State Sen. Bret Allain’s staunch opposition to the New Orleans levee board’s lawsuit must exist only within the walls of the state Capitol, because a lawsuit filed by his family company in 2007 reveals that he has much more in common with the levee board than he lets on.
|Sen. Bret Allain|
Like Gov. Bobby Jindal and Sen. Robert Adley, Allain, a Republican from Franklin in St. Mary Parish, has worked hard this legislative session to kill the lawsuit filed last year by the Southeast Louisiana Flood Protection Authority-East against 97 oil and gas companies. Allain's S.B. 469 would retroactively end the levee board’s suit.
But outside the state Capitol, Allain’s treatment of the oil and gas industry seems more in line with the actions of the levee board. As president of the Allain Land Company, Allain in 2007 filed suit against Gulf South Pipeline Co. Not only is Gulf South Pipeline included among the 97 oil and gas companies being sued by the levee board, but like the levee board suit the one filed by Allain Land Co. also centered on the violation of drainage servitudes.
According to Allain’s lawsuit, which eventually made its way to federal court, Gulf South’s pipeline had been on his family’s land since 1959. Essentially, Allain’s lawsuit was filed because Gulf South failed to properly live up to its agreement with the family, and allowed its pipeline to interfere with drainage on the family’s sugar farm.
In 2011, the lawsuit was settled out-of-court, but Allain claims he received no money from the settlement.
“I collected no money in that,” says Allain. “No money was paid at all, not even on attorney fees. I just made them fix the drainage because they were threatening my crop.”
Sound familiar? Like Allain’s claim that an oil and gas company was threatening his crop, the levee board’s lawsuit is centered on the same premise: Make the industry repair what it’s responsible for damaging.
“It’s interesting that he did personally what he is preventing approximately 1 million people in metro New Orleans from doing." — former levee board Vice President John Barry
Yet Allain doesn’t see it that way, telling The IND, “These are totally different things.”
Allain’s argument — an overly technical spiel not easily translatable into laymen’s terms — centered on the issue of drainage servitudes and acts of God. According to Allain, the difference between his lawsuit and the levee board’s is that in his case, he was the dominant estate, and his right-of-way was being blocked by Gulf South, which he calls the servient estate. The servient estate, claims Allain, cannot legally block the flow of water to the dominant estate.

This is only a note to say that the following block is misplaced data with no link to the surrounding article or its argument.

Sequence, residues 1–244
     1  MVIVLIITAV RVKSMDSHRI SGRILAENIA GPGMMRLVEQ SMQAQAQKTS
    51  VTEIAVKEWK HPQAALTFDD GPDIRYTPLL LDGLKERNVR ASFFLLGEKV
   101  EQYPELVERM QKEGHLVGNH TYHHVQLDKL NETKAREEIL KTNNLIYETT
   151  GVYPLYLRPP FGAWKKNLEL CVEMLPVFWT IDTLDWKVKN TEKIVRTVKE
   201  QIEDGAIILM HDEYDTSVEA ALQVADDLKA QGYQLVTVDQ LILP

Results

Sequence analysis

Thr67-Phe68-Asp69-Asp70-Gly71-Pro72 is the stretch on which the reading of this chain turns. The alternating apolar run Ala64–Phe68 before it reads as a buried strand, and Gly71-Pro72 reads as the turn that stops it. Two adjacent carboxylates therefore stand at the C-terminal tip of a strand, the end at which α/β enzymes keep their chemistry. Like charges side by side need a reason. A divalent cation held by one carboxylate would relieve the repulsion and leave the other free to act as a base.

Here’s why, according to Allain’s reasoning, the levee board’s suit is different from his: “The levee board, to apply for damages, they need a cause of damage, so they made coastal landowners the dominant estate, and the argument that you have coastal lands that are obviously lower as the dominant estate is a twist of the law. They had nothing else to base their damages on, so they created something.”
Allain is not a lawyer, and, according to Jim Swanson, one of the attorneys representing the levee board, it’s obvious he lacks legal expertise in this matter.
“His argument is complete nonsense; he doesn’t know what he’s talking about,” says Swanson. “There are cases that go way back in law that establish a couple of different points that he doesn’t understand. He’s not a lawyer; he used the same servitude theory that we’re using in our lawsuit.”
The point Allain is missing, says Swanson, is that water can flow from property A to property B, while also flowing from property B to property A, adding that no one property has more ownership over the water than the other.
Contrary to Allain’s claim is a treatise written by one of Louisiana’s leading authority’s on property law, Tulane professor A.N. Yiannopoulous, who argues that two estates can be both dominant and servient at the same time.
“It’s interesting that he did personally what he is preventing approximately 1 million people in metro New Orleans from doing,” says former flood board Vice President John Barry (whose support of the lawsuit led to his removal from the board by Gov. Bobby Jindal). “I find that hypocritical to the extreme. He’s doing it to seek money, and the flood authority’s doing it to save people’s lives. I met with him, I like him, but I don’t understand what he’s doing. It makes no sense.”
After a few sneaky maneuvers, Allain's bill was approved in the Senate last week, and now awaits approval in the House.